Read the full story here

  • Fri, May 3, 2024 at 4:15 AM EDTPedro GoncalvesOil prices set for steepest weekly drop in 3 months

    The oil price is on track for its biggest weekly losses in three months, bringing relief to consumers.

    Brent crude futures (BZ=F) rose to $83.98 per barrel. Meanwhile, US West Texas Intermediate (MCL=F) crude futures climbed to $79.22 per barrel.

    Still, both benchmarks were on track for weekly losses as investors worried about the prospect of higher-for-longer interest rates curbing growth in the US, the top global oil consumer, and in other parts of the world.

    “With the US driving season almost upon us, high inflation may see consumers opt for shorter drives over the holiday period,” analysts at ANZ Research said in a note.

  • Fri, May 3, 2024 at 4:05 AM EDTPedro GoncalvesFTSE nears all time high but has further to climb, says Interactive Investor

    In the City, the blue-chip share index has nearly hit a new all time high at the start of trading.

    Richard Hunter, head of markets at Interactive Investor, suggests the London stock market has further to climb:

    US markets may have lost some of their mojo but the same cannot be said for a flourishing FTSE100, where opening strength lifted gains in the year so far to 6%. The mixture of technical factors, such as rising commodity prices and higher interest rates underpinning the likes of the mining, oil and banking sectors has been combined with improving sentiment towards the premier index. Even at these elevated levels at or around record highs, the valuation of the index remains undemanding in comparison to many of its peers which could suggest that the recent rally still has some way to go.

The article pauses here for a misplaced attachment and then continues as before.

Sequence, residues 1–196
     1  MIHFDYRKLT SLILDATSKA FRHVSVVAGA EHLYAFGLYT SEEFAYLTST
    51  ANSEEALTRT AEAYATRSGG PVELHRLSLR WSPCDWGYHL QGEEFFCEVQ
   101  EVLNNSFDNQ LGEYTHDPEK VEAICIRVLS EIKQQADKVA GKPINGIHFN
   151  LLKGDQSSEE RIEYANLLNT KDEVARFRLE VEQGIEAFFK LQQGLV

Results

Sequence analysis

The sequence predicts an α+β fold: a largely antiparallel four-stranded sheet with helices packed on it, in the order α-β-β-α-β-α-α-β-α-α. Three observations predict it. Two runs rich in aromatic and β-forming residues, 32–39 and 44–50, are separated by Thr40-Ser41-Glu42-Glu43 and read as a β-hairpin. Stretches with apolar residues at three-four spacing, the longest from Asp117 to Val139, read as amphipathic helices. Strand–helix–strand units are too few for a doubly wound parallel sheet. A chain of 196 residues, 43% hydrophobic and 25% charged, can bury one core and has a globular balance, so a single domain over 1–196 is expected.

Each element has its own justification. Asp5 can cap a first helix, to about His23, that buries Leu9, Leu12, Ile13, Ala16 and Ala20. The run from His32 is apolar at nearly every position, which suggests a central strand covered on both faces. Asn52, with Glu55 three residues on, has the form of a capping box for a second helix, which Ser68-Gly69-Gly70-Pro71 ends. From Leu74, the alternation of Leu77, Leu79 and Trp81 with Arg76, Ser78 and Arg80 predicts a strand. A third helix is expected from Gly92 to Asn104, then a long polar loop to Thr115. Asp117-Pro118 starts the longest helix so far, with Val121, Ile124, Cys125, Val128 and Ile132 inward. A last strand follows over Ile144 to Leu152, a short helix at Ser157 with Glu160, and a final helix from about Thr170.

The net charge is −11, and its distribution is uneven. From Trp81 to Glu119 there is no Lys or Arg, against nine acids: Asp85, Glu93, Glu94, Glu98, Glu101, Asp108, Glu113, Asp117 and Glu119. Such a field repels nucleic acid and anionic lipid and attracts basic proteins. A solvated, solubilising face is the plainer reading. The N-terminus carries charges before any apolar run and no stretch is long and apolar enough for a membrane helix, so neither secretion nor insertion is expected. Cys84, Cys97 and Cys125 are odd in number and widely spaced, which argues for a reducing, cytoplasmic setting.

• Fri, May 3, 2024 at 4:01 AM EDTPedro GoncalvesWall Street ends higher as Fed signals dovish biasWall Street closed higher (Reuters / Reuters)

    US stocks strode higher Thursday in a calm after the Fed day storm, as investors set aside rate worries for now to focus on Apple (AAPL) earnings and the coming monthly jobs report.

    The S&P 500 (^GSPC) rose roughly 0.9%, while the Dow Jones Industrial Average (^DJI) gained about 0.8%. The tech-heavy Nasdaq Composite (^IXIC) led the gains, up 1.5%.

    Stocks are recovering from Wednesday’s volatile session dominated by the wait for the Federal Reserve’s policy decision. Chair Jerome Powell played down the likelihood of an interest-rate hike, bringing relief to investors worried that recent signs of “sticky” inflation might prompt that move.

    Read the full article here

  • Fri, May 3, 2024 at 3:56 AM EDTPedro GoncalvesTrainline leads FTSE 230 as it surpasses £5bn ticket sales

    Rail ticket platform Trainline (TRN.L) are the top riser on the FTSE 250 (^FTMC) after doubling its operating profits in the last year.

    Trainline surpassed £5bn in ticket sales for the first time, as the aggregator enjoyed a recovery in rail travel in Britain and sharp growth across Europe.

    The London-listed company’s pre-tax profit more than doubled to £48m in the year ending February 29, buoyed by an easing in rail strikes, which fell to 25 days from 30 in the previous 12 months.

    Trainline’s ticket sales grew 22% year-on-year, mainly driven by £3.5bn in UK tickets. The overall British rail market recovered to an estimated £10.6bn in passenger revenues during the reporting period, up from £8.9bn in the prior year.

    The bumper year was further boosted by sales across Spain and Italy, which grew a combined 43%, as Trainline further penetrated both international markets.

    On the back of its European growth, Trainline also surpassed £1bn in international ticket sales for the first time.

  • Fri, May 3, 2024 at 3:50 AM EDTPedro GoncalvesAsda refinances £3.2bn of debt

    Supermarket Asda has refinanced around £3.2bn of its debt amid “strong demand” from investors.